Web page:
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USTaxAdvising
USTaxAdvising, Accountant
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Is it possible to gift my vested NSO stock options expiring

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Is it possible to gift my vested NSO stock options expiring in August and in the money, to my 21 year college going son, to avoid taxes on my part and let him cash them out in his account after the transfer to gain lower tax treatment. If true what are the steps and do I need a CPA or someone to assist me.

USTaxAdvising :

Somewhat yes this is possible but I don't like the term "avoid taxes," it sounds somewhat illegal. I think a better term would be tax strategy....

USTaxAdvising :

Basically you can gift up to 14,000 of property to you son tax free. If you are married then you spouse can also gift up to 14,000.

USTaxAdvising :

The stock options would be transferred at the fair market value "FMV" not your original basis.

USTaxAdvising :

Anything in excess of 14,000 would be subject to the gift tax. BUT, you can elect to have the gift apply to your annual lifetime annual exclusion which is currectly set at 5.25M and the gift tax would not apply but you would still need to file a gift tax return Form 706 to elect to use your exclusion.

USTaxAdvising :

Basically estate and gift taxes go hand in hand. You are allowed a 5.25M FMV of assets "liftetime exclusion" at time of death before the estate tax applies. If you have gifted during the year and applied those gifts against your exclusion the 5.25M then your estate would only be shielded by 5.25M less the amounts gifted.

USTaxAdvising :

Alternatively, if you could manage to transfer the options to your son and then have him immediately liquidate the positions to cash and transfer the proceeds to the college. Gift taxes do not apply to payments made for someone's educational tuition. This might be somewhat tricky though as the IRS may view the transfer of the options before sale as a "gift" and not a "payment to an educational institution." I think the best thing to do here is to document in writing with a notary signature the intent of all the transactions. Then it would be hard for the IRS to make a position against you regarding the intent of the funds.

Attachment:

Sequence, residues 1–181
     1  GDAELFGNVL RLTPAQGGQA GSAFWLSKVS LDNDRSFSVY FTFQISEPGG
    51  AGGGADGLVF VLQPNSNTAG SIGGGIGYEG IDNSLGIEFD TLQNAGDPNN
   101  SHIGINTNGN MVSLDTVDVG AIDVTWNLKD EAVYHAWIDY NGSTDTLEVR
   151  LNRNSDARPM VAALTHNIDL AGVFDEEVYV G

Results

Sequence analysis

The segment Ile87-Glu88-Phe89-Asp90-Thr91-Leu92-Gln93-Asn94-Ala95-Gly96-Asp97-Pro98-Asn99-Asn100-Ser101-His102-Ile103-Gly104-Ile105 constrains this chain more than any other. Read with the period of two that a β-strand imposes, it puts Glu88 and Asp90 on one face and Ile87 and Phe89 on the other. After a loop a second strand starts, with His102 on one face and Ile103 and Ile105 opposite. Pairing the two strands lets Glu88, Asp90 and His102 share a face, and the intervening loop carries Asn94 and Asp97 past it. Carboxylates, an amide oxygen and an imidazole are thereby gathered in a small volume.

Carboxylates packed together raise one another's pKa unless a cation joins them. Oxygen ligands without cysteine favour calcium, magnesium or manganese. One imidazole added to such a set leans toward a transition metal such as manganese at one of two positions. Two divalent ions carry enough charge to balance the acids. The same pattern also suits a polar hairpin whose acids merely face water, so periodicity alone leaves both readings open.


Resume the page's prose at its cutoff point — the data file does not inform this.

USTaxAdvising :

I don't think you would need a CPA or someone to assist you but if we are talking about an amount over 14K it might be worthwhile get a formal opinion on the transaction to ensure it is done correctly. It might cost you a couple of hundred bucks but at least your tax on the gift would be NIL.

USTaxAdvising :

I trust this provides the clarity you were looking for. If it does not please feel free to ask further questions.

USTaxAdvising :

Best regards,

USTaxAdvising and other Finance Specialists are ready to help you
Hello Ram,

This is odd. I answered your question and then when it went to post another expert had shown as posted so my post never went through.

Please let me know if you are still waiting for an answer and I will repost.

Sorry for the inconvenience.

Best regards
Customer: replied 3 years ago.

Thanks. So basically if my cost basis is 10 and current FMV is 50. I pay income tax on 40? The advantage of the gift is that any further gain above 40 will be taxed at my son,s rate? Correct?


 


 


 


 


 


 

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